By Joe Beck
Looks can be deceiving. Monday's clear, sunny skies gave no hint of a snow-laden winter storm that is barreling toward on the area.
The National Weather Service issued a winter storm watch for Tuesday evening through Wednesday evening. Possible snow accumulations of more than 5 inches are predicted with totals reaching more than a foot in some parts of the watch area, which includes Warren, Frederick and Shenandoah counties.
The storm is likely to begin as rain, then change to snow later in the night, and continue on through Wednesday evening, according to the weather service. Forecasters warned of treacherous driving conditions and heavy wet snow and wind gusts that could produce power outages.
The forecast calls for temperatures in the low- to mid-30s with northeast winds blowing at 10 to 20 mph Tuesday night and north winds of 15 to 25 mph Wednesday, gusting up to 35 mph.
Officials with the Virginia Department of Transportation and Rappahannock Electric Cooperative said they are gearing up for the storm.
Rappahannock warned of possible power outages as trees and limbs land on power lines. The utility issued a statement promising that its crews are "standing by to ensure restoration is completed as quickly and safely as possible."
Other employees are preparing to assume duties assigned to them during storms, according to the statement.
The utility urged its customers to be ready with flashlights, batteries, a can opener and a battery powered radio. The utility also recommended customers report outages online and with smart phones to reduce strain on heavily used telephone lines. Those with smart phones should go to the REC web site at myrec.coop, log into Web self-serve and go to the My Outage page.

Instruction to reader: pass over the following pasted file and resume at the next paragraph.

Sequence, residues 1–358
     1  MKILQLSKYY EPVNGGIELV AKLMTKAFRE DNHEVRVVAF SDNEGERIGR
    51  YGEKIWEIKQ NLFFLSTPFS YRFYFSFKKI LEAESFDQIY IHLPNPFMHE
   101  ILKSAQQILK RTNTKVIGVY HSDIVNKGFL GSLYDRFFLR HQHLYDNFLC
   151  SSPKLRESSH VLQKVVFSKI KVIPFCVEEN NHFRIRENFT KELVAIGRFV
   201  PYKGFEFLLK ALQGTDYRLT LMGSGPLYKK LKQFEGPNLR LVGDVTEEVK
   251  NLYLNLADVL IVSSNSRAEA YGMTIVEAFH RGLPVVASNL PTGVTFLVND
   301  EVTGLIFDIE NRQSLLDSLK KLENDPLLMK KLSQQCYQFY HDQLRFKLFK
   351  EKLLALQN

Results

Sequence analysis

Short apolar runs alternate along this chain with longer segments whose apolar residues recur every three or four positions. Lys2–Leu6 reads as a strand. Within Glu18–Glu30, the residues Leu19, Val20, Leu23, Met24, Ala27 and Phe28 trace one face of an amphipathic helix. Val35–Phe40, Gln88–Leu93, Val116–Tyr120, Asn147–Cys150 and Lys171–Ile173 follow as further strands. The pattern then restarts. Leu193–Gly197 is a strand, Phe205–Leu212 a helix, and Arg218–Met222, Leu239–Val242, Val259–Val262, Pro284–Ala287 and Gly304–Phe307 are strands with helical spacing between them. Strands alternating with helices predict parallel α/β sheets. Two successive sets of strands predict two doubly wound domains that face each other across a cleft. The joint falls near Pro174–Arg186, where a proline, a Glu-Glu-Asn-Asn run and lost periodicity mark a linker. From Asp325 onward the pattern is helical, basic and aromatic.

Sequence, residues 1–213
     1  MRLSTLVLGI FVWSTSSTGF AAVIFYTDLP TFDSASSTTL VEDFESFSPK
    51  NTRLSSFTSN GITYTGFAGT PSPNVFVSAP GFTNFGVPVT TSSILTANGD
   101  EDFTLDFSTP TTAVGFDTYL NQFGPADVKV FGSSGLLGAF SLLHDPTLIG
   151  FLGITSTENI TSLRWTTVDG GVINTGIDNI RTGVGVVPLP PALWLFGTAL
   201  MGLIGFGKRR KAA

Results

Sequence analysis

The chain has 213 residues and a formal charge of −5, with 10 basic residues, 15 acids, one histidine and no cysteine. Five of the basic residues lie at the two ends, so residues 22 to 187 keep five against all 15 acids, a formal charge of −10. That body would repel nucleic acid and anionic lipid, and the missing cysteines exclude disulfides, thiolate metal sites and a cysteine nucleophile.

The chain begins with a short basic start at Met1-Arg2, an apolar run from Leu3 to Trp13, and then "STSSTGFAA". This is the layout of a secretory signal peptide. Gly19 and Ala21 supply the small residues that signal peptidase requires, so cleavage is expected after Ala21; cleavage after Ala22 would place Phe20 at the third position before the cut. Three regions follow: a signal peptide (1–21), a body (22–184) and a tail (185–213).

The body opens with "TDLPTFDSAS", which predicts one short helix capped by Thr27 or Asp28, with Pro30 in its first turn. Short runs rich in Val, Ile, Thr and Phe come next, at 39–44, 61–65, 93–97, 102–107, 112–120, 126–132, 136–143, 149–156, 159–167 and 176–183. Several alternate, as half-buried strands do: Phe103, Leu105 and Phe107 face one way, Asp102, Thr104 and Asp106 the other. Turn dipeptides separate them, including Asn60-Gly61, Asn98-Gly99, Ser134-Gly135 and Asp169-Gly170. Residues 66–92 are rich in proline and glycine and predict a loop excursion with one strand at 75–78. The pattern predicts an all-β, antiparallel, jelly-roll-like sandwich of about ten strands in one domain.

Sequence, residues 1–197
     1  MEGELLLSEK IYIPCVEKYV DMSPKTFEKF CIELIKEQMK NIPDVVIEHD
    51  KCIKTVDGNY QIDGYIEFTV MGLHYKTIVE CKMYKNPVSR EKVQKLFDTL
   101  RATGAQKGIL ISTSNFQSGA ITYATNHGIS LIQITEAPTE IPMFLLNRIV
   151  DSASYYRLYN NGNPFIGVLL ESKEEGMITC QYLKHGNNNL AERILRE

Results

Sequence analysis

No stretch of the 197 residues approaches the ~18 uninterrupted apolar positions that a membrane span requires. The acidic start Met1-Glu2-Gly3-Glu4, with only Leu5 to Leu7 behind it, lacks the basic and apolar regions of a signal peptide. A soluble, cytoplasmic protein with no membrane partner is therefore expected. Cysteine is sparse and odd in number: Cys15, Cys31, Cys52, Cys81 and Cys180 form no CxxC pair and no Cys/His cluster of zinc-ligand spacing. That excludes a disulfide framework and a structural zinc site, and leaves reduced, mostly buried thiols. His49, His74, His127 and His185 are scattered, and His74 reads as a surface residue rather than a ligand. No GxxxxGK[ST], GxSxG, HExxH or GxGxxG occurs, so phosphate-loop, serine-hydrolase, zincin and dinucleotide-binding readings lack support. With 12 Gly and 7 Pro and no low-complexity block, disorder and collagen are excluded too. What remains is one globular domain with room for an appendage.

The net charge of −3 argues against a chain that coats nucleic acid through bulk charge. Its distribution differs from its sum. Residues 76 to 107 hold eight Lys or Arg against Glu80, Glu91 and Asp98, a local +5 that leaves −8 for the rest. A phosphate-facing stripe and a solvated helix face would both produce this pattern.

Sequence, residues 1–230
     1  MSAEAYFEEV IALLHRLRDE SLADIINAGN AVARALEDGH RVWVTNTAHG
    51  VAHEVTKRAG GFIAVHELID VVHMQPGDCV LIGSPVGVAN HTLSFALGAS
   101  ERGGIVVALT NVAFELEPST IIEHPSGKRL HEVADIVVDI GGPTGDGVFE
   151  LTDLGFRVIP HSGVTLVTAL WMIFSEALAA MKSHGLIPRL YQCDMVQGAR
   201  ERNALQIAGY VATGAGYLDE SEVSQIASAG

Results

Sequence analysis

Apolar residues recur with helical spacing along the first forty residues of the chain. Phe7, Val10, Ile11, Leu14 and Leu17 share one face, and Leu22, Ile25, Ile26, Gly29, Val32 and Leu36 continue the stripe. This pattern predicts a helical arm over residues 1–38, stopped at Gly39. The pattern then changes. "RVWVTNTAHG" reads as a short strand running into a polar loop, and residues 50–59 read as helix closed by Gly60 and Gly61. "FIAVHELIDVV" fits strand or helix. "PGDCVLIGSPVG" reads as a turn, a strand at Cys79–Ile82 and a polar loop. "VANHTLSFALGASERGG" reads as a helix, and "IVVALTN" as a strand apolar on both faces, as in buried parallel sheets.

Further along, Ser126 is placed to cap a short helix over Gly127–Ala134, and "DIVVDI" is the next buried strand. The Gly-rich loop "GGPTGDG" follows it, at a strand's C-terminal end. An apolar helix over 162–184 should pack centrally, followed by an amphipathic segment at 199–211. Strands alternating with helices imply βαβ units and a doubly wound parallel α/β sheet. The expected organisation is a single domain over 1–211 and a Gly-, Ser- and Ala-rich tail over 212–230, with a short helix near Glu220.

Sandy Myers, communications manager for VDOT's Staunton's office, said road crews are "well-rehearsed" from smaller storms this winter that did not prove to be as bad as initially feared.
She said the rain forecast for the early stages of the approaching storm will prevent road crews from applying de-icing chemicals to the pavement, unlike the earlier storms that began with ice and snow.
She urged drivers to stay off the roads Wednesday, if possible.
"The more people who are on the road, particularly in a storm like this, the more people you have stuck on the side of the road," she said. "Roads start to close if you get too many stuck . . .It's just better if people shelter in place."
Myers urged drivers to visit VDOT's 511.com web site to check on road conditions before they venture into the storm.
Contact staff writer Joe Beck at 540-465-5137 ext. 142, or firstname.lastname@example.org